Between participants, Snyder and Jiang found that exposomes could be vastly different, even in a reasonably tight geographic region—in this case, the San Francisco Bay Area. Snyder cited an especially well-controlled portion of the study, in which four participants, including Snyder, were closely monitored over one month, as a case in point.
Each person lived in a distinct region of the San Francisco Bay Area: Palo Alto, Sunnyvale, Redwood City and San Francisco (though the person who lived in Redwood City commuted across the bay to his job). "It turns out, even at very close distances, we have very different exposure profiles or 'signatures,'" Snyder said. These personal signatures are essentially traces of specific fungi, plants, chemicals and bacteria that are consistently seen on or around a single person, but that vary between people. Many environmental aspects contribute to this microscopic amalgam—pets, household chemicals, flowers in bloom and even rain.
"The bottom line is that we all have our own microbiome cloud that we're schlepping around and spewing out," Snyder said.
Specific and unique signatures were captured for every individual (although Snyder added that DEET, an insect repellant, along with several carcinogens were found in just about every chemical sample). For example, the resident from San Francisco showed high rates of "sludge bacteria," or bacteria typically found in wastewater and sewage treatments. Snyder had consistently high fungal exposures at home due to what he suspects is the use of "green" paint. "The guy who painted my house was a really environmentally friendly, green person. And he avoided using paints with a substance called pyridine in it," Snyder said. Pyridine, which used to be a popular additive to house paints, has an inverse relationship with fungus, meaning the less pyridine, the more fungus.
Snyder's profile was the most diverse, as he took the device everywhere he went, both nationally and internationally, for two years, swapping out its filters for every new location. Outside his pet exposures (Snyder has a cat, a dog and a guinea pig), his signature also showed evidence of eucalyptus in the early spring months, providing some nuanced information about what might be causing his April allergies.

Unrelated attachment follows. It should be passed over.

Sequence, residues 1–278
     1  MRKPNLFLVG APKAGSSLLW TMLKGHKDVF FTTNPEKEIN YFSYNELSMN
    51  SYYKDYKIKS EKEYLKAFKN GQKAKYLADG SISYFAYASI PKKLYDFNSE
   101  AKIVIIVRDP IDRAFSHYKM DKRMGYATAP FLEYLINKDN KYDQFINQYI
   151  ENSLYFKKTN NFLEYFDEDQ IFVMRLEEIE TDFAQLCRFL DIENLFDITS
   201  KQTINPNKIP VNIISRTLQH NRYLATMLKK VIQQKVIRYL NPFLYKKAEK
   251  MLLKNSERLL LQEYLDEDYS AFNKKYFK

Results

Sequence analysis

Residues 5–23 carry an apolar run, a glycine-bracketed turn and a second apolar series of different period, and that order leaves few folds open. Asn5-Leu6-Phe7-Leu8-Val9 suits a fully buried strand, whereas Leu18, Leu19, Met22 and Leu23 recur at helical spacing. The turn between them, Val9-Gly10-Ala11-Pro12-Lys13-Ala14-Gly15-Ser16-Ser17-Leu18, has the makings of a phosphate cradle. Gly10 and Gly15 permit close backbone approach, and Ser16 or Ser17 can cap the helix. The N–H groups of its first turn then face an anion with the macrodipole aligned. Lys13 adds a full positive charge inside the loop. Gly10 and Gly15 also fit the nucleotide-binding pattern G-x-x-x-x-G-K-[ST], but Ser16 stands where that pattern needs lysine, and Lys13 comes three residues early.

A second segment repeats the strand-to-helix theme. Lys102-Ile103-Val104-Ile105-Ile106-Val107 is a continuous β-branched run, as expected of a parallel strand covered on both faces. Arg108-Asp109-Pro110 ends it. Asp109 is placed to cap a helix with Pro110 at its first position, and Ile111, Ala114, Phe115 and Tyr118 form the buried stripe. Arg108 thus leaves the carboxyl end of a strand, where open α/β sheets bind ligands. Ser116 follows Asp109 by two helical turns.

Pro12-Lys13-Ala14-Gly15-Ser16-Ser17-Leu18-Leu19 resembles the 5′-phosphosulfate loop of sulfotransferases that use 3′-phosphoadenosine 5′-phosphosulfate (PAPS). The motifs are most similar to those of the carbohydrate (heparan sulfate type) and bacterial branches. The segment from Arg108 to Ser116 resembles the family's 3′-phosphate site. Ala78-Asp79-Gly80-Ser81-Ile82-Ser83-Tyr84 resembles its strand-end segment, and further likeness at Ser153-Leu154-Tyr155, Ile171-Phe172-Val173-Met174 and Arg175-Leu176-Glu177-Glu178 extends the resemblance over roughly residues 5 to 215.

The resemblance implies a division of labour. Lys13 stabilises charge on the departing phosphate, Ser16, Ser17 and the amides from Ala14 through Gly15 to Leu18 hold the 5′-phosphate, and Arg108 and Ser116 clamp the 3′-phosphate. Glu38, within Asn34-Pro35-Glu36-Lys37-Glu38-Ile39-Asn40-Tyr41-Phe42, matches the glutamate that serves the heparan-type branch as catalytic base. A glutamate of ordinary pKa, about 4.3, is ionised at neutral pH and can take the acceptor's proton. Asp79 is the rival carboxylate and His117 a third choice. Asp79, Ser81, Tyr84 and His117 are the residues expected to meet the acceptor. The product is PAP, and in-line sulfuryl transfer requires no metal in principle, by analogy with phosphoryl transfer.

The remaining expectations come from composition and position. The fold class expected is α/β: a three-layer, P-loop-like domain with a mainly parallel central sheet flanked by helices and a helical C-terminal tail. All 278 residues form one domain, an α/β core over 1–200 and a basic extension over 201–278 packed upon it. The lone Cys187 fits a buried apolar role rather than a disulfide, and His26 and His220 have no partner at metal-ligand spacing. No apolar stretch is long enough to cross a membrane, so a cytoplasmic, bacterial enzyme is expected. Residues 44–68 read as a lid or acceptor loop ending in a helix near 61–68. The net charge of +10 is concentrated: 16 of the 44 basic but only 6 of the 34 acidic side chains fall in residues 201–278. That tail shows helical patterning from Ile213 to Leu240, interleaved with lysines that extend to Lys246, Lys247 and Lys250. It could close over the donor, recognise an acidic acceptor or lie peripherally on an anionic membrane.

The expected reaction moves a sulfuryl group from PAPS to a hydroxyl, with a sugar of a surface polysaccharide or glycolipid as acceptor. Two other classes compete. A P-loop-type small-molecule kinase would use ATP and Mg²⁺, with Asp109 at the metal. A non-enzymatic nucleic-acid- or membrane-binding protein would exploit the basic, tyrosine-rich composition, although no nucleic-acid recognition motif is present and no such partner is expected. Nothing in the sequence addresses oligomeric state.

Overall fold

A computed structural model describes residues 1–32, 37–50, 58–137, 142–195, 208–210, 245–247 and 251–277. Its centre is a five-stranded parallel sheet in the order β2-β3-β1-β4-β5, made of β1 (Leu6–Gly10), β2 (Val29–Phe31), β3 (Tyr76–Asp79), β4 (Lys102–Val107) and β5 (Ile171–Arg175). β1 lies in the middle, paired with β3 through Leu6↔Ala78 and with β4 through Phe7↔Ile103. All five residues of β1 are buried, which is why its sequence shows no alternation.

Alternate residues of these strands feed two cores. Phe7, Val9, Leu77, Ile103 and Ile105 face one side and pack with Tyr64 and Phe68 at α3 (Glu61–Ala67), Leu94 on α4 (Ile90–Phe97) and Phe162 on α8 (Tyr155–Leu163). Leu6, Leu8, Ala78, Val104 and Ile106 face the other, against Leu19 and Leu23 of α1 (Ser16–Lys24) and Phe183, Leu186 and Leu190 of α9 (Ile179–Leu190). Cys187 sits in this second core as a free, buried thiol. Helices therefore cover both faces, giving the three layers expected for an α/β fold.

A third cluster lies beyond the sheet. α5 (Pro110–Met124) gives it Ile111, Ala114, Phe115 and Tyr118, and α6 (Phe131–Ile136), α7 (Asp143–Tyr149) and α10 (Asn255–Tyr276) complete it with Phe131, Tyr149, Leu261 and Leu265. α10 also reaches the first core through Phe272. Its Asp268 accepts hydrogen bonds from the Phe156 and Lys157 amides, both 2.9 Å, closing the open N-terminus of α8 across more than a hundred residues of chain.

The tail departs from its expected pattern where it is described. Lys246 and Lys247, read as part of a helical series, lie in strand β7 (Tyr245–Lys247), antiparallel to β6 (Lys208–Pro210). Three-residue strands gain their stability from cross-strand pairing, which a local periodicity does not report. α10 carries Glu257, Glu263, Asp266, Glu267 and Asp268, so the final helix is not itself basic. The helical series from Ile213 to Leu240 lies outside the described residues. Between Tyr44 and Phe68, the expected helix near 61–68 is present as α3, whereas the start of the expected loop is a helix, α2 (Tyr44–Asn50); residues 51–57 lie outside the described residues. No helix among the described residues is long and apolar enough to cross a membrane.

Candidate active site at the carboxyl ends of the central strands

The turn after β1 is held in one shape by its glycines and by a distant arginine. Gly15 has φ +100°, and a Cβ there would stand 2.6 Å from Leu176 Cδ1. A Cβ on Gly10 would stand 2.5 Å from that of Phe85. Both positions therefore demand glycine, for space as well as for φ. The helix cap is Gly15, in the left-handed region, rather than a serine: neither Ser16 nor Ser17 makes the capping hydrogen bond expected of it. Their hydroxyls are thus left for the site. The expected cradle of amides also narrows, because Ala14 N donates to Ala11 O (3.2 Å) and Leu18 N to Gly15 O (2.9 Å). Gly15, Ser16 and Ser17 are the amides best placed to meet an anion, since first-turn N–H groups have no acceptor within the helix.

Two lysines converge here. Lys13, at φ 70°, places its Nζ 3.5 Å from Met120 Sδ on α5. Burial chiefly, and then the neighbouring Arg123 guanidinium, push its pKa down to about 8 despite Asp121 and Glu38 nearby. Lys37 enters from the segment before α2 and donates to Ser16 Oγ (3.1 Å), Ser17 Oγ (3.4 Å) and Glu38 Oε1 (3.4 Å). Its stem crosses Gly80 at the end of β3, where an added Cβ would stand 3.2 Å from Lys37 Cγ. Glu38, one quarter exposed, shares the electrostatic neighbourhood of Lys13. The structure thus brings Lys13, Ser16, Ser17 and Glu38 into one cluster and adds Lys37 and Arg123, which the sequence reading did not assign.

Connecting it to human health
Besides the four highly controlled participants, a dozen participants were added during different times of the year, helping Snyder capture exposures brought by weather, seasons and location.
"There are a lot of findings that haven't been descried before—all kinds of fungal, bacterial and plant seasonal patterns," Snyder said. The device can even pick up viral/bacterial signatures and carcinogenic particulates in the air. Although the devices picked up potential pathogenic viral and bacterial sequences, it can be tricky to distinguish a threatening pathogen to humans from one of its harmless close cousins, he said.
As for the carcinogens, it's also more complicated than simply detecting them in the device. "We're measuring individual exposures, not absolute levels," he said. "So at this point the data isn't generalizable enough to make broad claims."
But that's not to say that one day it won't be. Snyder said that this study is just scratching the surface of human exposome data and how it relates to health, and his team's future goals center on better understanding the exposome as it relates to human health. "We want to measure more people in more diverse environments," Snyder said. "We also want to simplify the technology, ideally to the point that everyone can be out there measuring their own personal exposures—perhaps something like an exposome-detecting smartwatch."